I have never, ever, worked that hard at anything in my life other than childbirth. Ever. Tracy Anderson...........please. I mean, here's the thing. When you do at-home videos, there is nobody there to correct you, to tell you that you have more to give, to tell you to push harder, that you can do it, to throw your hips wider, to put your leg out further. There is only Tracy, with her perfectly coiffed hair and make-up, saying, "I know it's hard, but you really must do it."

Well, enter Ping. She is small and fit and at least 50. She won't let you get away with half-assing it. She will call you out: Amy, you can offer more. You must push harder. You are compensating.

And come on - it was only my first time, and she knew it!

I was shaking. I was obviously sweating, and by sweating I don't mean perspiring. No, that's what gentle southern women do. I was drenched in sweat. It was pouring down the sides of my arms and face. Just when I thought I couldn't stand a pose a second longer, she would tell us to go deeper, to stretch further. There was no sitting it out. There was no sense that if it was too hard you could simply go back to child's pose. And Ping was watching, all the time moving around the room. She must have re-positioned me at least 12 times. At least.

There were moments when I thought I'd collapse and give up and call out, in Chinese so the other students wouldn't understand: I can't do it. It's too hard.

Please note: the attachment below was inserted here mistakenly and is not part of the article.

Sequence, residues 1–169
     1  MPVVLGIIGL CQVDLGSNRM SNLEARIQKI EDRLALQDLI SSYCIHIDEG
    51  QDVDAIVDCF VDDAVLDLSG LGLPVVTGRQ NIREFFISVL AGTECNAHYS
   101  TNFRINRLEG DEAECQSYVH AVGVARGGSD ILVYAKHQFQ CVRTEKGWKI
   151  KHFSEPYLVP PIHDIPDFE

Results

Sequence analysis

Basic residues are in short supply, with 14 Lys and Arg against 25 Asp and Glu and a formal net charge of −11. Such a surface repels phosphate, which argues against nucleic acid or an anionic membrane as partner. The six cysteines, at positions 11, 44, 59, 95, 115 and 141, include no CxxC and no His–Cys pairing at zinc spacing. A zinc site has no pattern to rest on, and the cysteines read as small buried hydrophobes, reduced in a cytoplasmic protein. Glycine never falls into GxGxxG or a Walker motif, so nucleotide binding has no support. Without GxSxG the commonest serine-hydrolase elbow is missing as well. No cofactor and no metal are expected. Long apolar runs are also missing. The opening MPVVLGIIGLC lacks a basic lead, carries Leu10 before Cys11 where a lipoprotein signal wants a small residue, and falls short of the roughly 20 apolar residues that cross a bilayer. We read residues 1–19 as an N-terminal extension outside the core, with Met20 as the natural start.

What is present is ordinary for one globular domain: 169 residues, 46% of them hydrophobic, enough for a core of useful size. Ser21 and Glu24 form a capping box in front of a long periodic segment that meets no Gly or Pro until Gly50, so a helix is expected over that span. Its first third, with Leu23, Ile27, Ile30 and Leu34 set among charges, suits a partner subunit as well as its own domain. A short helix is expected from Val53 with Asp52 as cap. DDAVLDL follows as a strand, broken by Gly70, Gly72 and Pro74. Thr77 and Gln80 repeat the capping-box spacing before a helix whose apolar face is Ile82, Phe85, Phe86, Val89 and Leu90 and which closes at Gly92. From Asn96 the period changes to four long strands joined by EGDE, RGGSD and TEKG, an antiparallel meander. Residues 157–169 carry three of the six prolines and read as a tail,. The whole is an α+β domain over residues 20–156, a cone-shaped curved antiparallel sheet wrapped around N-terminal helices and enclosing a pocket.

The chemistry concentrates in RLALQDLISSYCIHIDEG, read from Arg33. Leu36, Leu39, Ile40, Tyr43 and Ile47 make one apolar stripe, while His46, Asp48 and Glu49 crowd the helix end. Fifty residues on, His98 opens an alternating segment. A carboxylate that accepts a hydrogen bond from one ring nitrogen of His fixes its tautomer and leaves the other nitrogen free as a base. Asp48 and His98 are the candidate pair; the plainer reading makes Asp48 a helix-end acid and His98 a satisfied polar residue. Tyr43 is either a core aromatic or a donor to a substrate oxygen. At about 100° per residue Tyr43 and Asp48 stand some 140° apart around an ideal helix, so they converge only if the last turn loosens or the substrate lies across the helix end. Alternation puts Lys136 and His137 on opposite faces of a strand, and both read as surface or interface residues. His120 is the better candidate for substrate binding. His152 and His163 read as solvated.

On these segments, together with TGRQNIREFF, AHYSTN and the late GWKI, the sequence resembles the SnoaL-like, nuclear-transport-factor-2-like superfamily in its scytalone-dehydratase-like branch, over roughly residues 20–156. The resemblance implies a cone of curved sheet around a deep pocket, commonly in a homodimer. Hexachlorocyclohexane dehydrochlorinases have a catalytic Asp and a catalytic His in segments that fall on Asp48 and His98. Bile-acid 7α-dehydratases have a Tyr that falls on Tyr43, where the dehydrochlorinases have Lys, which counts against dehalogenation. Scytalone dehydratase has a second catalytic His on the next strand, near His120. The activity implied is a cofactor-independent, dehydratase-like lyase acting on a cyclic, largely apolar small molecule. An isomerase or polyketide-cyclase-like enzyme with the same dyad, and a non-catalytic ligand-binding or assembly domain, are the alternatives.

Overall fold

But then I thought that maybe that's my problem in general. Whenever things get hard, I quit and tell myself it wasn't for me.

I kept going, even though I was shaking and I thought I'd die. I sort of actually longed to be in labor, because at least contractions only last a minute or so and then you have a breather. We held some of these positions for 3 minutes, and what seems feasible in the first thirty seconds becomes unbearable after a minute.

In the end, during our very last pose, before cool down, I was able to somehow contort my body into a bird-of-paradise pose, which I'd never before done and which only two other students were able to do. I did it. I stood up, and Ping saw me and she said, "Good Amy, keep going. Stretch your leg out. Kick it out straight."

I did. I kicked it out straight, and I somehow didn't collapse, and Ping said, "See everyone. She's doing it, and it's only her first day."

The woman next to me leaned over, when I had two feet back on the ground, and said, "That's amazing."

As we cooled-down, Ping talked about someone in our lives who might be suffering and how we could send them our healing energy. I thought of my daughter, Maggie, who is missing her father so much now and who is struggling with her anger and her emotions. I wanted to send her my healing energy because so much of the time I'm focused on dishes, or blogs or laundry or bopping around town, and I don't always know how to help Maggie deal with her emotions about her father's absence. So, I lay on the floor, my palms facing the sky, and I sent my daughter all of the healing thoughts I had, letting them flow out of that experience and into her soft little heart.

I think I'll give up the gym membership. It's time to get real. Three months. I can't wait to see what I can do.